An aside re BWV 243a: Brian McCreath offered the opinion, when he aired it Sunday, that it was Bachs announcement to the Leipzig officialdom: <You hired the right guy!>

Thanks, Brian, I hope a few others join us weekly, Sunday AM, www.wbgh.org. Radio, almost (but only almost!) as communal as live music.

Ed Myskowski wrote (December 24, 2008):
BWV 191 text

Thoughts while listening to a friend lead her annual (26th) Xmas sing-along:

The traditional carol, Gloria in Excelsis Deo, says nothing about peace on earth, nor goodwill.

The country tune, Peace in the Valley, can bring a tear to an Old Dudes eye, when sung from the heart.

Listening closely, I noticed:
<Rudolf the red-nosed reindeer
Yule go down in herstory.>

Not exactly Bach concert performance, but in the spirit of the season (solstice plus), and current discussion.

As I write, what should appear on the radio but three Xmas cantatas by Stoltzen.

Baroque (but happy!), Ed Myskowski

Continue of this part of the discussion, see: Gottfried Heinrich Stölzel & Bach [Bach & OtheComposers]

Terejia wrote (December 24, 2008):
Bach and Christmas music

Ed Myskowski wrote: http://launch.groups.yahoo.com/group/BachCantatas/message/29604
< Thoughts while listening to a friend lead her annual (26th) Xmas sing-along:
The traditional carol, Gloria in Excelsis Deo, says nothing about peace on earth, nor goodwill. >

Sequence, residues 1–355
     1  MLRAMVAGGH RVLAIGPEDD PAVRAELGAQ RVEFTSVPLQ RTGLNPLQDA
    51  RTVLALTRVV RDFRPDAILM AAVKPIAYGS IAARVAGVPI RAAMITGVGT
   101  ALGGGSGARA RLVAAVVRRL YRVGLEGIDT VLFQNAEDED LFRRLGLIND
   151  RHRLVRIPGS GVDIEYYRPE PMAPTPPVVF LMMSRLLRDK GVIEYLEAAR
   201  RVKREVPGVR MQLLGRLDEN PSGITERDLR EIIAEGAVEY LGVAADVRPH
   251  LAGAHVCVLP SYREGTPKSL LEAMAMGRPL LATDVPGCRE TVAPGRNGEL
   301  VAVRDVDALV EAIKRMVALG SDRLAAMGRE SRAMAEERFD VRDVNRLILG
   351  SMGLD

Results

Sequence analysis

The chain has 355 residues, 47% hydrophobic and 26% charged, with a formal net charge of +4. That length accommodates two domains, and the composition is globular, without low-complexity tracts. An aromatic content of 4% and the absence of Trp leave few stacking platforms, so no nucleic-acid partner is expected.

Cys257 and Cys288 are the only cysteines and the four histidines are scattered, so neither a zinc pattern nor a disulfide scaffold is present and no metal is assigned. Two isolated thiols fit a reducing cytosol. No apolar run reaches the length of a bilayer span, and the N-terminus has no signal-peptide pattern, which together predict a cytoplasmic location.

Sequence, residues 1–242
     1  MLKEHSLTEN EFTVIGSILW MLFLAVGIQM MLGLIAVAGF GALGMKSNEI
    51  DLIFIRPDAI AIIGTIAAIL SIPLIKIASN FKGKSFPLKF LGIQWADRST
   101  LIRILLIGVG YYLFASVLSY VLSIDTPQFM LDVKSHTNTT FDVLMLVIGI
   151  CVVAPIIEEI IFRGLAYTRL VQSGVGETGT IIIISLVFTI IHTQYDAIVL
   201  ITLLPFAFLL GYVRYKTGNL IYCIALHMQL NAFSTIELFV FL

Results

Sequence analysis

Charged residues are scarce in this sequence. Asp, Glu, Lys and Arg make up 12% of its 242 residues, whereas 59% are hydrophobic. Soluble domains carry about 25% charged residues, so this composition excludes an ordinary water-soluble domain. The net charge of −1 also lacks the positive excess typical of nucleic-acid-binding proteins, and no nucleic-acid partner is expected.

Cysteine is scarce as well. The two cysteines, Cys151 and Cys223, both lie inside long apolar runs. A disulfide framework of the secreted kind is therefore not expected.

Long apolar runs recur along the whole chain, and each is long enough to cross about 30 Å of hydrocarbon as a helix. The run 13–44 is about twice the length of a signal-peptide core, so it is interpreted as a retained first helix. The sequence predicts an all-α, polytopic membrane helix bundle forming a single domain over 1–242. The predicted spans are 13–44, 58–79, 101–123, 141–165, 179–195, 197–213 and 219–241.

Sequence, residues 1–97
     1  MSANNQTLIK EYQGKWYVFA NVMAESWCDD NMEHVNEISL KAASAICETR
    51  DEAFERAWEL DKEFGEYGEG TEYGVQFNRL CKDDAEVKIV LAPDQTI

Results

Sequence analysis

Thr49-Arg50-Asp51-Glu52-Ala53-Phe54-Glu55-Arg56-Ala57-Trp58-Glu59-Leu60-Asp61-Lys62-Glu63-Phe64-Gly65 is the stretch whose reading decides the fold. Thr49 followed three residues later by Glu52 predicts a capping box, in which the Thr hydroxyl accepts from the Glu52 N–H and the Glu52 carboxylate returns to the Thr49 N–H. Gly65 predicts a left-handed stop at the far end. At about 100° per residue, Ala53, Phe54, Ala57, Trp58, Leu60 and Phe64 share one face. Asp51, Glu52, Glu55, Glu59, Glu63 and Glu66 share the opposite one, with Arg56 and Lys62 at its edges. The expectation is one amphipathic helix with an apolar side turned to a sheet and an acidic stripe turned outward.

Now that you reminded me! Indeed.

We sing Gloria as part of Catholic liturgy, except for Advent and Lent season, regularly in mass, not particularly in Christmas limited.

>> The country tune, Peace in the Valley, can bring a tear to an Old Dudes eye, when sung from the heart.
Listening closely, I noticed:
<Rudolf the red-nosed reindeer
Yule go down in herstory.>
Not exactly Bach concert performance, but in the spirit of the season (solstice plus), and current discussion.<<

The point is, "from the heart", IMHO.

>> As I write, what should appear on the radio but three Xmas cantatas by Stoltzen.
Baroque (but happy!), Ed Myskowski<<
As I do not have large CD collections and it is extremely difficult to get CDs in Japan (many times I've told by the CD shop clerks, that certain and certain CD is out of print, while it is on sale in Amazon. US), I obtained a membership in Naxos library. I made up a playing list titled "Christmas series", in which I included BWV 248 (by Suzuki ), BWV 132, BWV 191, BWV 61, BWV 243a (by either Rilling or Koopman), Charpentier's Noel, Heinrich Schutz, Palestrina,Corelli etc.

Now after having enjoyed all the good wishes, heartwarming greetings, joyful music, presents,etc., I have come to enjoy the last item of Christmas gift list from my Santa Clause, which is catching up some sleep and quiet rest. Since Bach's music is too lively, too much upward vector, more spirit awakening rather than calming down for me to go to sleep or rest, I now choose Louis Couperin and John Dowland to rest quietly and go to sleep.

 

Continue on Part 3

Cantata BWV 191: Complete Recordings | Recordings of Individual Movements | Discussions: Part 1 | Part 2 | Part 3